# The futurist: Wasting our time should be a crime

(Editor’s note: This is the first of a two-part series.)

Every time I delete spam from my inbox, I feel a tiny piece of my life flitter away.

Sitting needlessly at stoplights, or watching the minutes tick away as I wait in some line, or being forced to fill out yet another form, our precious time is being co-opted by everyone from inconsiderate businesses, to overbearing government, to painful security checks at the airport.

This is what I call “time pollution.”

Little by little, whatever tiny amount of control we thought we had over our day becomes infested with some new life-sucking barnacle that congests our mind and adds surface-scratching aggregate to the smooth day we had planned.

Like a leaky sieve carrying our daily time supply, however much we started with is never even close to what we end up with. And while most of us enter life feeling like we have squanderable amounts of time to work with, as we get older, our rapidly dwindling years reveal a much different story.

We live with two basic currencies – time and money – and we make countless time-vs-money decisions, each based on the running math equation we have going on in our head.

If someone steals our money, it’s an obvious crime. So why isn’t it an equally obvious crime if someone needlessly squanders our time?

Here are some thoughts on how we can rewrite what I’m calling the “Formula of Acceptable Interference” and regain control of our lives.

Running the Numbers

If you were to live to 80 years old, you have exactly 29,220 days, including leap years, to work with. But not all of those days are really usable. So subtract:

• Your first 18 years of working through adolescence. (-6,574) = 22,646 days
• Minus 8 hours a day, of those remaining, for sleeping (-7,549) = 15,097 days
• Minus time at work. If we begin work at age 18 and work until retirement at age 65, 9-hour work days for a total of 47 working years with 4 weeks vacation a year (-4,230) = 10,867 days
• Minus commuting to and from work – 60 minutes a day (-470) = 10,397 days.

Suddenly two thirds of our discretionary life is gone. Now consider how much of our life is being eaten away by other notorious time wasters. These are only rough estimates but you’ll get the picture. (Note, I’m accounting for leap years):

• Cleaning – ourselves, our homes, our cars, etc. – 60 minutes a day (-944*) = 9,453.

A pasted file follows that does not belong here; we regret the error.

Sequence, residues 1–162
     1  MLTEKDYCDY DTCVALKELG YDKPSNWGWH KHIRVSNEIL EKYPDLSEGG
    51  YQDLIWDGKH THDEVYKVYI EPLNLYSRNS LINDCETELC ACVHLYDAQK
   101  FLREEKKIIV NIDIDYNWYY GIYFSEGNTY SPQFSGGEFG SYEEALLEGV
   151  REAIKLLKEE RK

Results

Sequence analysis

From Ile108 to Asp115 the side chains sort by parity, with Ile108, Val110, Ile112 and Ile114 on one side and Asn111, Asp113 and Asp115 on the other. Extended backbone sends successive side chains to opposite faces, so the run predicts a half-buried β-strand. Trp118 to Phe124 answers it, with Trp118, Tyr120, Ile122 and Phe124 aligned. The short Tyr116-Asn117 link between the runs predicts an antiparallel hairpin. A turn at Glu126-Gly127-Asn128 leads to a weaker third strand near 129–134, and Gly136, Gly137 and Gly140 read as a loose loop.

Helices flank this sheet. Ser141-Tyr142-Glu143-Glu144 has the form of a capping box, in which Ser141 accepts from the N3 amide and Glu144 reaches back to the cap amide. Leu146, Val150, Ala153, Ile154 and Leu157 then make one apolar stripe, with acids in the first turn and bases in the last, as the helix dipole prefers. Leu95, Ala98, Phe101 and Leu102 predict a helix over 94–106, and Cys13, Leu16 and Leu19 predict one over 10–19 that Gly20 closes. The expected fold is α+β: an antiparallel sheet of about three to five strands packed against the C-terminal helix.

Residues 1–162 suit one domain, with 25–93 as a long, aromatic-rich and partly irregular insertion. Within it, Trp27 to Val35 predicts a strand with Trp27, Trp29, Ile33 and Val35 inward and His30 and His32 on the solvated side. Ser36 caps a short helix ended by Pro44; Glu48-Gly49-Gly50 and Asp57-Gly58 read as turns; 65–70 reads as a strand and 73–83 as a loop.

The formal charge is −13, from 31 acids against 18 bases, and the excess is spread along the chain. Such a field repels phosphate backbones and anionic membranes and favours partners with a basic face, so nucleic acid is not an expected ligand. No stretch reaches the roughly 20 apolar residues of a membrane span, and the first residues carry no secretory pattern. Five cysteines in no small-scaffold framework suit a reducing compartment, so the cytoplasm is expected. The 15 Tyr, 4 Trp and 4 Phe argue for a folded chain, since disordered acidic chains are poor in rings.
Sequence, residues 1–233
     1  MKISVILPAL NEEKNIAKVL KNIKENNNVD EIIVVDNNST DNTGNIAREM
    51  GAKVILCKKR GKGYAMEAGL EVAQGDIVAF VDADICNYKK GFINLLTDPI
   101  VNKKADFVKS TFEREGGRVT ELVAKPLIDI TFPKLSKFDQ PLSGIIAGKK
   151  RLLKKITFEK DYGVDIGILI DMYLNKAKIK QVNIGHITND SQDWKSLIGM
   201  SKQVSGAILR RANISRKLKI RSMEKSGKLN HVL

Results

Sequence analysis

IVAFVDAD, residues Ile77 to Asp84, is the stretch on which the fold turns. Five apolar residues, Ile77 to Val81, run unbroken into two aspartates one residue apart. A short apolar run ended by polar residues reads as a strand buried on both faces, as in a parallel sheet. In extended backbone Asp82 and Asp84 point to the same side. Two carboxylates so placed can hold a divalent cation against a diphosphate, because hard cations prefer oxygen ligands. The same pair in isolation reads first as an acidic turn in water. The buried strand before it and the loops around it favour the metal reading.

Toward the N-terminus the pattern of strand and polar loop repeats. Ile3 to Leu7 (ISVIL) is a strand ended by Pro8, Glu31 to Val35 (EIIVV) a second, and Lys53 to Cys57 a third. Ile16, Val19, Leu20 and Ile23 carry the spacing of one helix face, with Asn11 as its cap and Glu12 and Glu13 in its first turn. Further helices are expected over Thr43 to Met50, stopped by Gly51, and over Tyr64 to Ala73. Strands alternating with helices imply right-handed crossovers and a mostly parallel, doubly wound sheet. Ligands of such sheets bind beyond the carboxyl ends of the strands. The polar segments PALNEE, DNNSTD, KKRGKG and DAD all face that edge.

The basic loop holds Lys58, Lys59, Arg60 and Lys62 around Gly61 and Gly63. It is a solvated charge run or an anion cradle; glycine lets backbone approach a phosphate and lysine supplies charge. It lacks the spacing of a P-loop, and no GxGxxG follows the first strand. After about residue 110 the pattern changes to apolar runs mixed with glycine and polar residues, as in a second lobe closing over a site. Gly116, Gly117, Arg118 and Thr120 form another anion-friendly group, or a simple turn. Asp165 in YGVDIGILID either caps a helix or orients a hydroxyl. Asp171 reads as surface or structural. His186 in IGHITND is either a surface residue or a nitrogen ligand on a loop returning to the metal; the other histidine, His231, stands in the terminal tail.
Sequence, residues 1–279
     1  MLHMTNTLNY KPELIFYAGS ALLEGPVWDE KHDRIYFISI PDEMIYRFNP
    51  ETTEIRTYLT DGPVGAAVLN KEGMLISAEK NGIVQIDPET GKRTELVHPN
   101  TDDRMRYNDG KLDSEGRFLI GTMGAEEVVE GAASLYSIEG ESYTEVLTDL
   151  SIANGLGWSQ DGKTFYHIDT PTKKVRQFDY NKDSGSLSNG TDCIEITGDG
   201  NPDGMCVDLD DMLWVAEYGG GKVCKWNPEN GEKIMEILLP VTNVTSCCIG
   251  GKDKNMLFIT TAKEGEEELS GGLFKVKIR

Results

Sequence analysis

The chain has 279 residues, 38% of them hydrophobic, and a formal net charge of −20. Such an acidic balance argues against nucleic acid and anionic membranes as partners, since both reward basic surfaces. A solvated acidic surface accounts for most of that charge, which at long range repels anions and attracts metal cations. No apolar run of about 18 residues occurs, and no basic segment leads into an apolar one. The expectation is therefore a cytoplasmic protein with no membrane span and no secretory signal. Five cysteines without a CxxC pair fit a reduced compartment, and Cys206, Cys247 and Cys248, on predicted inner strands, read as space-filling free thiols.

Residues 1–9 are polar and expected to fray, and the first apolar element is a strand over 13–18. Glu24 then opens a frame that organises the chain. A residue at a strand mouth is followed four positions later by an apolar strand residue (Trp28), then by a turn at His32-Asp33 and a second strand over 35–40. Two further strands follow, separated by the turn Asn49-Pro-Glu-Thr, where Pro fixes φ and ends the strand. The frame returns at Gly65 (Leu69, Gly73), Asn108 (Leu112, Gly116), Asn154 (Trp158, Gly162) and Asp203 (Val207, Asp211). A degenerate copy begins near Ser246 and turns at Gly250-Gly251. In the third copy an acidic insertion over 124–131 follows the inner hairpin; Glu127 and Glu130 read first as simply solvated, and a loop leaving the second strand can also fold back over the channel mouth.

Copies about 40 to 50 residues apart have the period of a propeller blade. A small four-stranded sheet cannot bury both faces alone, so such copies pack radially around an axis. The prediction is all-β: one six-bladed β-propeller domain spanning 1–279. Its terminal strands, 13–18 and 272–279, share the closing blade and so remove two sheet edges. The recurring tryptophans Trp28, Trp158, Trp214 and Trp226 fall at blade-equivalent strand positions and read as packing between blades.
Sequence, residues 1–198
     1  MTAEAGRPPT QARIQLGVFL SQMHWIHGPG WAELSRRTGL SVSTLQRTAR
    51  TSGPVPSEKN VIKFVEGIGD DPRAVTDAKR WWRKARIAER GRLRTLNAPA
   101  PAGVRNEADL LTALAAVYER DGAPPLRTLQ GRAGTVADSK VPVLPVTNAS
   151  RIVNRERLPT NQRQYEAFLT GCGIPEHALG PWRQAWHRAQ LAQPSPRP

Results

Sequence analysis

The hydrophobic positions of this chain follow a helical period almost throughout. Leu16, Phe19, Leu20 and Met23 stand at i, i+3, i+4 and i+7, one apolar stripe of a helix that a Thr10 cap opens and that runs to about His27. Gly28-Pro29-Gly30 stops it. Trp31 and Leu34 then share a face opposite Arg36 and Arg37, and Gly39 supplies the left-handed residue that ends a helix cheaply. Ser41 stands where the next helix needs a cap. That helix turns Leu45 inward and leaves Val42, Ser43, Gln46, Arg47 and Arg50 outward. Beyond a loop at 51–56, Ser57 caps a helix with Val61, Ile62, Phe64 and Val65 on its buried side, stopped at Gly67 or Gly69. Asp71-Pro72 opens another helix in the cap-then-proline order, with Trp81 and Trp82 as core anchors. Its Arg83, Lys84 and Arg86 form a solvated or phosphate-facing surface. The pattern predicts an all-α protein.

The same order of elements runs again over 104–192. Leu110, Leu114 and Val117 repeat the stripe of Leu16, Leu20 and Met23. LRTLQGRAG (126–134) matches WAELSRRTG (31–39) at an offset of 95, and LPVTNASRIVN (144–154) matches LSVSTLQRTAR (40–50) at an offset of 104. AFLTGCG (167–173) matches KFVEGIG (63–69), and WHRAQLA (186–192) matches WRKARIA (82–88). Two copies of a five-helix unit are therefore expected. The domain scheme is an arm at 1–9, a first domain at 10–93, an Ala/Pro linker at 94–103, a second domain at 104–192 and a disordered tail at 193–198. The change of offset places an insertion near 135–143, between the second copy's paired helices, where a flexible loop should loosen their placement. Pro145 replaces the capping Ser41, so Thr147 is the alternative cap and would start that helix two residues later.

• Staying informed – news, social media, emails etc. – 60 minutes a day (-944*) = 8,509.
• Personal inefficiencies – getting dressed, makeup, delays, etc. – 60 minutes a day (-944*) = 7,565.
• Viewing TV commercials – 18 minutes per hour X 2 hours a day (-566) = 6,999.
• Deleting spam emails – 30 minutes a day (-472) = 6,527.
• Waiting for traffic lights – 10 minutes a day (-157) = 6,370.

So in rough terms, each of us is left with a mere 6,370 days worth of discretionary time spread out over a 62-year lifespan (after age 18), with a large percentage of this discretionary time (2,679 days**) coming after we retire at age 65.

Admittedly this is very crude math, but at the same time, it’s thoroughly depressing!

The point I’m trying to make is that our time is very precious and we should be very guarded against anyone who tries to mess with it.

* – ((62 years X 365 days) + 15 days for leap years)/24 hours per day = 944 days
** – 704 min flex per day after age 65 – ((15 years X 365 days) + 4) X 704 flex min per day)/60 minutes per hour/24 hours per day = 2,679 days

Every Time-Crime is a Math Problem

Whenever a petty criminal sits in front of a convenience store trying to decide whether he should brandish a gun and rob the place, he’s going through a series of math calculations to determine if the risk outweighs the reward. However skewed or demented his math abilities may be, virtually every criminal goes through the same process.

This is not unlike almost every other decision we make in life, “will the cost outweigh the benefits?”

• Will the momentary pleasure this candy bar brings outweigh the weight gains that are sure to follow?
• Will the group-envy I cause by buying this purse outweigh the hefty price I have to pay for it?
• Is driving over the speed limit to get somewhere on time worth the risk of getting a ticket if I get caught?
• If I throw this trash on the ground when no one is looking, is it really littering?

Few of us realize we have a rolling calculator that appears in our head whenever a decision is being made. While we may tack on a few emotional variables to override our first results, this image of clicking of calculator keys is a very close analogy to how we make decisions.

However, one element missing from most of our calculations is the cost of time. We live in cultures that have been universally dismissive of our time costs.